The Dawson Postulate

Theorem: The odds of you encountering any given person -most notably when walking around a corner, passing through a doorway, etc. – are in direct correlation with the amount of shit you are talking about them.

Dawson postulate

As you can see illustrated in Fig. 1, we can extrapolate that as the amount of shit-talking approaches its upper limit, the probability of encounter approaches one.

In my studies, I have found the Dawson postulate most often exemplified on cross-country track team work out runs.

The principle itself is named for Max Dawson – a snarky brown-noser who was often an object of ridicule for teammates. At 18, he was still a tattle-tail.

My teammates and I used to go on what we called, “Grievance Runs.” They’re about as cathartic as they sound. One person would simply state, “I have a grievance.” Once we were sure no one else was in ear-shot, someone else in the group would reply, “We are prepared to hear your grievance.”

Grievances could be something as vague as people who wear socks with sandals, or as oddly specific as people who wear long skirts but pull them up higher to make them more revealing. They can also be about a specific person. A large chunk of our grievances tended to center on the women’s track team. That was pretty much our only dating pool, since we spent most of our free time at practice.

The course we ran on involved many intersecting trails; we often turned a bend or crested a hill, only to find ourselves face-to-face with the subject of our grievance. And no matter who you were complaining about, rest assured if you ran into Max, he would run and tell. After more than a few laughably embarassing mishaps, we started to get careful.

As obnoxious as Max was, he taught an excellent lesson early on in my life, before it really mattered. When on the road, you never out-drive your headlights; when talking shit, never out-gossip your line of sight. Understanding that can be the key to saving friendships, marriages, and even careers.

A.H.W.

Reading the Signs

I’m shit at dating, but sometimes I can convince someone to get dinner with me. Then what? Let me set the scene for you:

INT. CENTRO BUS — EVENING

HER, an attractive twenty-something, who loves country music, rides the BUS beside CLUELESS IDIOT, nervous.

HER

This is my stop. Thanks for taking me out tonight.

CLUELESS IDIOT

I can walk you back if you like.

HER

Are you kidding? It’s all the way up all those stairs; it’d be silly to make you walk up and down like that.

CLUELESS IDIOT

All right, well I had a lot of fun. Want to do this again sometime?

HER

(Smiling)
Oh absolutely we will. I promise.

Exeunt.

There is probably some obvious sign there, which I’m just too thick to see. Still hoping for a follow up date though, assuming it even was a date. As I write this I realize that it probably was one, but that the semantics shouldn’t matter. All the same, I get to thinking: are there any dead giveaways that you are on a date, not just out as friends?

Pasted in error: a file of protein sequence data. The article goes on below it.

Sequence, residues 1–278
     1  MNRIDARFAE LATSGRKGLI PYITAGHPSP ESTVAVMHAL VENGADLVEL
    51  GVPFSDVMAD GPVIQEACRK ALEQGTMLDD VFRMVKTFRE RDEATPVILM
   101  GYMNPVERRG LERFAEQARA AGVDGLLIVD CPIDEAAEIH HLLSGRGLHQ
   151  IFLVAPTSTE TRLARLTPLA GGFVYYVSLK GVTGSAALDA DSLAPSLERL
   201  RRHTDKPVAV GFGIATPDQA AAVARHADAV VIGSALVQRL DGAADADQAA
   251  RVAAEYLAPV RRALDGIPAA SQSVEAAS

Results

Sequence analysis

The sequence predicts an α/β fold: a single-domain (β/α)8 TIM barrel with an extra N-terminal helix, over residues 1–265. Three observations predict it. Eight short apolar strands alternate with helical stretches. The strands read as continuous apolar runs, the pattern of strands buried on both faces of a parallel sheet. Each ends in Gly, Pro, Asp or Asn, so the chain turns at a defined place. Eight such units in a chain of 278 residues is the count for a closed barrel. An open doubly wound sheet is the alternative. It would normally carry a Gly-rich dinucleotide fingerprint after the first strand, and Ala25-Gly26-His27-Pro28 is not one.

I’m sure in some corner of the Internet, someone has the answer, and I’m determined to find it. Turns out there are plenty of people blogging about the subject – mostly women writing for other women, like the confusion is somehow my fault. The general consensus is if you offer to pay for dinner, and you smell nice, you’re on a date. It’s all very scientific.

I decide that this is important enough to bother my friends with. Their responses vary. Some say one-on-one time with Her is automatically a date. Others say it’s only a date if I kiss Her.

Instead of clearing things up, I find I may have committed a major breach of protocol by not going for the goodnight kiss. Never the less, one friend actually has detailed instructions for people like me:

  1. Establish eye contact
  2. Move closer
  3. Tilt head and close eyes
  4. Stop and await response

I’m told the last step is the most important: you can’t have a good kiss without reciprocity.

“If you’re gonna make a move, you go 90% and make her go the other 10 if you’re gonna kiss her,” my helpful friend explains, “then you know she’s into you.” This is the best advice I’ve been given on the subject.

Another buddy tells me to track down the lobster from the little mermaid – the one that sings Lalalala, go on and kiss the girl – maybe it can give me the encouragement I needed. We’re in BJ’s when he tells me this, so naturally we stop by the live seafood tank to see if they sell crustaceans that could pose as my wingman. It seemed like a more plausible idea while I was drunk.

It isn’t until I remember that lobsters don’t really talk that it hits me: here I am, thinking about whether I should’ve kissed Her, while I’m not even entirely sure if it was a date. But instead of shrugging it off like a normal human being, I’m sobering up in a chain retailer trying to pick out an anthropomorphic sea creature who can do the legwork for me. Not only am I definitely overthinking it, but also I’m probably the reason that women write these, “Am I on a date?” articles. My God, I am the problem.

A.H.W.